By Carol Buckmann
Nevada amended its state fiduciary law in 2017 to remove an exemption for brokers and advisers, but we have just now seen proposed regulations explaining how the law will be interpreted. Those regulations are very troubling because they ignore without explanation the rule that ERISA preempts state laws that relate to employee benefit plans. This is of special concern because we know that comments were submitted to the Nevada Securities Division focusing its attention on the preemption issue.
When ERISA was enacted in 1974, the intent was to replace a patchwork of state regulation with one uniform set of rules that would apply across the nation. Those rules not only define the functions that make a person a fiduciary, but set out the responsibilities of fiduciaries and the remedies available if there is a fiduciary breach. This means that if you do business in many states, you will not be subject to different standards in each jurisdiction. It should also mean that states cannot impose different standards than those imposed under ERISA, whether they are higher or lower. While there are laws, such as the Age Discrimination in Employment Act, that provide for state as well as federal roles in enforcement, ERISA is not one of them.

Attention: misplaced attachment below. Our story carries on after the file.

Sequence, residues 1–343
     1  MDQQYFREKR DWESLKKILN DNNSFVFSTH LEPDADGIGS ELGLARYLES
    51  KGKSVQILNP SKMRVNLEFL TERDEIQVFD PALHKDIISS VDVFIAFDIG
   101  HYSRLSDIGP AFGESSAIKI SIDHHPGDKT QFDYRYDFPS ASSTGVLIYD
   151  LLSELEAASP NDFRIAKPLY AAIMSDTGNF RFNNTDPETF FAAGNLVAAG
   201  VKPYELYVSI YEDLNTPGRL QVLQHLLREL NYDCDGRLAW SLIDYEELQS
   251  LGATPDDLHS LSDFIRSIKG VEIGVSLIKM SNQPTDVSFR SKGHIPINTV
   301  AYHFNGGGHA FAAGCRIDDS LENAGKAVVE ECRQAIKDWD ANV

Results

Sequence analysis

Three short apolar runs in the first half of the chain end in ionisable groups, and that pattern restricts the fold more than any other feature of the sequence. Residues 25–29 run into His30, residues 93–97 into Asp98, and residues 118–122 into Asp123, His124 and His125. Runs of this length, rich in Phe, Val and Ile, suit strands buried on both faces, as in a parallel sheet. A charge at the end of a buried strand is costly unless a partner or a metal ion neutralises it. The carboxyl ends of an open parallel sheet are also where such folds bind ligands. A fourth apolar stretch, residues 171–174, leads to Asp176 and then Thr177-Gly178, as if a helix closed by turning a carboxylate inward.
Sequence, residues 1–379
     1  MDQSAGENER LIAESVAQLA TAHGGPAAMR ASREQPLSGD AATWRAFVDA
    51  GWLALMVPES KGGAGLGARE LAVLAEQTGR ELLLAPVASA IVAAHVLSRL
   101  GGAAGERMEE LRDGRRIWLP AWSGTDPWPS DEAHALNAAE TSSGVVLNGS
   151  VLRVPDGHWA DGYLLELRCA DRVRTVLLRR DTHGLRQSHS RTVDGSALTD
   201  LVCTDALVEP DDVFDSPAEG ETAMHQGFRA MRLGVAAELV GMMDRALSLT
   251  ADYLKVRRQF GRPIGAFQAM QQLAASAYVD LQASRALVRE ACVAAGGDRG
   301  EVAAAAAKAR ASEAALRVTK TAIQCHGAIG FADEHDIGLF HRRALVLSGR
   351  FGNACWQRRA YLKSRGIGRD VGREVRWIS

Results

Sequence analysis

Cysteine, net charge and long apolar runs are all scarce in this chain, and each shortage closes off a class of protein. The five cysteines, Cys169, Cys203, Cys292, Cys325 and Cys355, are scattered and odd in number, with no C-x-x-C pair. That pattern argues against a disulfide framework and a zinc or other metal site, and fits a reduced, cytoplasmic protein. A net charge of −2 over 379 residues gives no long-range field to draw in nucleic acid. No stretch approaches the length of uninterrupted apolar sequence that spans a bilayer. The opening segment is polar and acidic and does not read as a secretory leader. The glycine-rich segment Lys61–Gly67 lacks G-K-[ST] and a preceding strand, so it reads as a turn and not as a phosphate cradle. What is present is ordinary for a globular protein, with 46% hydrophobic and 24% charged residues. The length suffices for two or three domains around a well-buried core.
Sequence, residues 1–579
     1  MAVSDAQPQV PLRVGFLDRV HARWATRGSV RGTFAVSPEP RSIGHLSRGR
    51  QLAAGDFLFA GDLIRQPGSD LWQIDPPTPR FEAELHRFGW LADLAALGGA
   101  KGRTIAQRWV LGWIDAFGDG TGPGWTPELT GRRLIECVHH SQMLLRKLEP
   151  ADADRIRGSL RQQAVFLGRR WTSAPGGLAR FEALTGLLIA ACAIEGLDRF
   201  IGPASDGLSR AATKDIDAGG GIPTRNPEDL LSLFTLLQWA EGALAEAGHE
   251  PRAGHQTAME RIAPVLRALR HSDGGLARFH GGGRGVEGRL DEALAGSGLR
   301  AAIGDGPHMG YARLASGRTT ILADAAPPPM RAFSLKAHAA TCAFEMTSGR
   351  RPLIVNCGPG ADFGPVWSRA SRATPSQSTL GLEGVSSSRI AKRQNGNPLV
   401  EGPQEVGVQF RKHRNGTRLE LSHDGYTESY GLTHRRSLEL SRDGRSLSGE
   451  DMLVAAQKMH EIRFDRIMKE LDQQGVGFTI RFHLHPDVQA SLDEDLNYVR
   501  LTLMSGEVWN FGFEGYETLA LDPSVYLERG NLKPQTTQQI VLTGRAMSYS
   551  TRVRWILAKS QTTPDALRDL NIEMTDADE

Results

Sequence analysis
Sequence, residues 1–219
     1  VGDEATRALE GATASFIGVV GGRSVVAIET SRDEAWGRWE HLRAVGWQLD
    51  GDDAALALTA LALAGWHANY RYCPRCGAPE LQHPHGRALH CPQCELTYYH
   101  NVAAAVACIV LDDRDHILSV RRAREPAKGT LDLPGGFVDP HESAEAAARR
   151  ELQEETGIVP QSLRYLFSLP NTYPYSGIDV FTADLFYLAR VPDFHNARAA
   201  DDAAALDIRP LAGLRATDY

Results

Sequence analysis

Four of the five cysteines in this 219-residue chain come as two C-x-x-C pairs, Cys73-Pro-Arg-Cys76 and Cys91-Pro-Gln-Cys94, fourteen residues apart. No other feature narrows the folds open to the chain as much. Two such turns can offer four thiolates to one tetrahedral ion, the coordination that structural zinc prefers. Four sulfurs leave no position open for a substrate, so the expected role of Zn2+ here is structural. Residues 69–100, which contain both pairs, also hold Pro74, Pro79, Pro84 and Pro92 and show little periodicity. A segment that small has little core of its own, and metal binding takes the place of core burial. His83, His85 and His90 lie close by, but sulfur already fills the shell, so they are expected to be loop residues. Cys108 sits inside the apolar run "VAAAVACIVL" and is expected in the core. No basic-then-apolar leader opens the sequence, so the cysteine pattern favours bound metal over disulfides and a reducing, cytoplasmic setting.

It will set a dangerous precedent if these rules are finalized as proposed. New Jersey and Maryland are considering either new legislation or regulations that would also provide for state regulation of fiduciaries. The problem could rapidly spread. It should be noted, however, that when New York established a “best interest” standard for insurance and annuity sales in 2018, it specifically exempted plans subject to ERISA.
The retirement industry can and should submit comments to the Nevada regulators stressing that they do not have authority to regulate who is a fiduciary to an employee benefit plan. This is particularly important in light of the fact that the Department of Labor, which does have such authority, is reportedly working on a new nationwide federal rule to replace the invalidated Fiduciary Rule. The comment deadline is March 1.
If the Division is not receptive, a legal challenge to the final regulations could go up to the U.S. Supreme Court.